Fie Eoin Friday: Meet Finn!

Happy Friday, Aledan Merfolk! I know I said yesterday that I’m in the middle of changing from present tense to past tense in StO, but you’re getting the present tense version today because I haven’t had a chance to re-read and make sure the past tense version is solid. I know I haven’t told you much about StO other than it’s a mermaid novel, but I think you’ll get the gist of it real quick. So it’s time to meet Finn:

Not an exact replica of Finn
Not an exact replica of Finn

Chapter 1: Finn

I tap bubbles out of the pink euthanasia fluid, cap the syringe, and set it on the bench next to me before changing into my wet suit. Corporate tells the public the mermaids aren’t dangerous, but that’s bullshit. They killed another trainer last night, and now it’s my job to euthanize the offending mermaid—or in this case, merman.

Sergio de la Cruz zips up his wetsuit and claps me on the shoulder. “Ready, Finn?”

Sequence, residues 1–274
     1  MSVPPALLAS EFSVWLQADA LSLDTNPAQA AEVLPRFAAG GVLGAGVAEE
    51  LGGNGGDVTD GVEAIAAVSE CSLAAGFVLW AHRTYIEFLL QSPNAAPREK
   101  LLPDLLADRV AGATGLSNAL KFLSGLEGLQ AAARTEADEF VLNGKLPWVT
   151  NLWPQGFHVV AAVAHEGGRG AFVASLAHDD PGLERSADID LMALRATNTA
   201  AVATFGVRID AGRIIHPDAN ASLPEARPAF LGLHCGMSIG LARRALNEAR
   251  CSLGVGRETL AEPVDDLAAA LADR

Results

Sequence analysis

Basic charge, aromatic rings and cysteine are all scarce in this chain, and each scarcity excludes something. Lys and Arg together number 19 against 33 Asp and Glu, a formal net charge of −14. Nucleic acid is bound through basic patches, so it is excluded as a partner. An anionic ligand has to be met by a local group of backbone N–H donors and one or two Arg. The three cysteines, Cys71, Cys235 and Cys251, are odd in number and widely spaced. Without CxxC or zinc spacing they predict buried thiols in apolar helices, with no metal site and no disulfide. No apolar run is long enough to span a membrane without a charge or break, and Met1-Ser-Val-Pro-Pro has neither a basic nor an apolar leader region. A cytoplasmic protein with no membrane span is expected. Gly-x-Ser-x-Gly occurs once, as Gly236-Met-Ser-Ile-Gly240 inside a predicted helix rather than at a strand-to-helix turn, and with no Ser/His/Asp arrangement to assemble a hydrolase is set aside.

I snort. “You looking for a last will and testament? ‘Cause I didn’t leave you anything.”

Serge laughs. He knows he gets all my stuff—we’ve been best friends since preschool.

Hooking the syringe to a loop on my wetsuit, I take a deep breath, then shake the tension from my shoulders.

“You’re looking a little nervous there, bro.”

“Bismuth’s a big boy.” Science geeks to the core, we name the Mer after periodic table elements. “And he’s got the twins in the tank with him. Plenty could go wrong.”

“Nah.” Serge bumps my locker door closed and we make our way through the gray concrete halls of Oceanica to the practice tank that contains the three Mer. “They’ve been chilled. You’ll be fine.”

Reflected shadows quiver along the walls and condensation runs down the sides of the tank as we enter the practice room. Filters hidden in the walls hum and water gurgles where it enters the tank. Madison and Natalie wait for us at the bottom of the stairs, wetsuits on, eyes red-rimmed from another sleepless night mourning a friend.